How badly corrupted is the House of Representatives under the Republican leadership of DeLay and Hastert? Well, Gingrich, who paid a $300,000 penalty for his own violation of House ethics rules (Republicans used to have rules of ethics) said the following after GOP lobbyist Jack Abramoff copped his first guilty plea:
"There are a series of behaviors, ...of attitudes ...of crony-like activities that are not defensible, and no Republican should try to defend them ... this is not one person doing one bad thing ...This was a team effort ...The Abramoff scandal has to be seen as part of a much larger and deeper problem ...a system of corruption ...I see no prospect that DeLay will in any sense be cleared in any reasonable time. "
When asked what happened to Republicans in Congress, Gingrich retorted,
"You have to go ask them. "
Mr. Bush hastily portrayed Republican lobbyist Jack Abramoff as an "equal money dispenser ...giving money to people in both political parties, " in a desperate attempt to involve Democrats in this mess. Our Deceiver-In-Chief, "was not friends with the lobbyist and does not recall ever meeting him, " according to Scott McClellan. Seems odd for a president who named Abramoff to his 2001 Presidential Transition Team, and received over $120,000 from the lobbyist for his 2004 campaign, "before I even started making phone calls, " according to Abramoff.
Remember Bush 's attempt to deny his friendship with Enron 's CEO Kenneth Lay five years ago, claiming he first became aware of Lay when the Enron executive "contributed to my opponent 's (former Texas Governor Ann Richards) campaign fund? " It 's odd that Bush would call a guy he barely knew "Kenny Boy. " He neglected to mention that Lay donated four times as much to Bush as he donated to Richards in the 1994 governor 's campaign.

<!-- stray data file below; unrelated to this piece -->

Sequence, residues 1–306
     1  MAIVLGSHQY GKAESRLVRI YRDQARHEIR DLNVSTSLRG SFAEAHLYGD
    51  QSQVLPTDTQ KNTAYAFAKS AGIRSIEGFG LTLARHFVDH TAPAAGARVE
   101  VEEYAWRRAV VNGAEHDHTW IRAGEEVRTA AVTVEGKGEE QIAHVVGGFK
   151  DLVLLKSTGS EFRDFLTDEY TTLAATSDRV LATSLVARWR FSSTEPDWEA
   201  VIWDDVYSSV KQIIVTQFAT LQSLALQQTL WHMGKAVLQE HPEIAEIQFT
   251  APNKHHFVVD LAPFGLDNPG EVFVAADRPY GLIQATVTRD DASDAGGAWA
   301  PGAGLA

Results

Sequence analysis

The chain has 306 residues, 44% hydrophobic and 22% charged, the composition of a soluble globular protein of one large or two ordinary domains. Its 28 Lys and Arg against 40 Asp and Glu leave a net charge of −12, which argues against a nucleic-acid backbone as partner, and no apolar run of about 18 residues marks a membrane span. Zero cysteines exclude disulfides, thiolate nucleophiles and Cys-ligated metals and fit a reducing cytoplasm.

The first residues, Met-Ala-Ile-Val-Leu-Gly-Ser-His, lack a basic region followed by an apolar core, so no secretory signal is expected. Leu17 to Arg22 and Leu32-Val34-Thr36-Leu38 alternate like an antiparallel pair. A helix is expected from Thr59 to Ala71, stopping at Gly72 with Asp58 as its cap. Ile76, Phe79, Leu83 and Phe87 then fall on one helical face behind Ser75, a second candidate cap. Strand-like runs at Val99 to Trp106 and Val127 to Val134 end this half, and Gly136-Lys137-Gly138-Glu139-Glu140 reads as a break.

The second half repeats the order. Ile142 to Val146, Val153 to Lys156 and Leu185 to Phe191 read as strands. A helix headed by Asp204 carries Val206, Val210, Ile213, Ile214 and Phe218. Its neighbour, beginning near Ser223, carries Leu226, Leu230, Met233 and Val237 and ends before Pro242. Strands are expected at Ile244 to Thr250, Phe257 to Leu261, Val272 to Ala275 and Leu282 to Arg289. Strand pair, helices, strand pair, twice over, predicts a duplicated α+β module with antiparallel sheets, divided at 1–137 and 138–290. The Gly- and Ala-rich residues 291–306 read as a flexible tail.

As much as the GOP would like to paint this as an "equal opportunity " scandal, Abramoff and his pals were all about illegally diverting funds to GOP pols. Democrats did receive donations from Abramoff-connected Indian tribes, from whom he bilked $80,000,000 for direct intervention in matters of tribal gambling. Even at that, Republicans received about 66% of the total.
If you are wondering how this differs from what happened with the Democrats, look at these numbers: Between 1997 and 2002, the Republican-controlled House Government Reform Committee issued 1,052 subpoenas to probe alleged misconduct by Democrats. In the past five years that committee has subpoenaed six Republicans.
Want to see how corrupt these folks are? DeLay arrived at his first court hearing in Texas aboard a corporate jet owned by R.J. Reynolds Tobacco Co. Not enough for you? How about the fact that Bush said on December 16th that he believed DeLay to be innocent of money laundering and conspiracy charges? Of course, this president has long disdained the concept of courts, juries, trials, etc.
Still not enough? In early December, the vice-president of the United States appeared at a fund-raiser for DeLay. Cheney influenced the transfer of hundreds of millions of dollars from the American people to the ethically-challenged Halliburton, which he used to run. When it comes to self-respect, I suppose the DeLay fundraiser is small change to Cheney.
Under pressure from Republican congressmen scared for their own hides, DeLay was forced to abandon plans to resume his duties as House Majority Leader. Now the question is, is there a Republican anywhere in the House with an appetite to end the corruption, and restore some semblance of ethics?
If Speaker Hastert has his way, look for more of the same from either Roy Blunt (R.MO) or John Boehner (R. OH), the two most likely to replace DeLay. Blunt has been the Republican House 's official liason to K Street, the D.C lobbying organization set up by DeLay. Boehner accepted over $65,000 from Sallie Mae, while the House Education Committee, which he chairs, was writing new legislation regarding student loans. Boehner also handed out checks from the tobacco industry on the floor of the House in 1995, as our representatives were considering the elimination of a tobacco subsidy.
Respected conservative columnist George Will, in the January 10th edition of the Wall Street Journal, had this to say:
"House Republicans, after 40 years in the minority, have since 1994, wallowed in the pleasures of power ...They have practiced DeLayism, or "K Street conservatism ...(which) compounds unseemliness with hypocrisy ...Until the Bush administration, with its incontinent spending ...conservatives pretended to believe in limited government ...The last five years ...the number of registered lobbyists more than doubled. "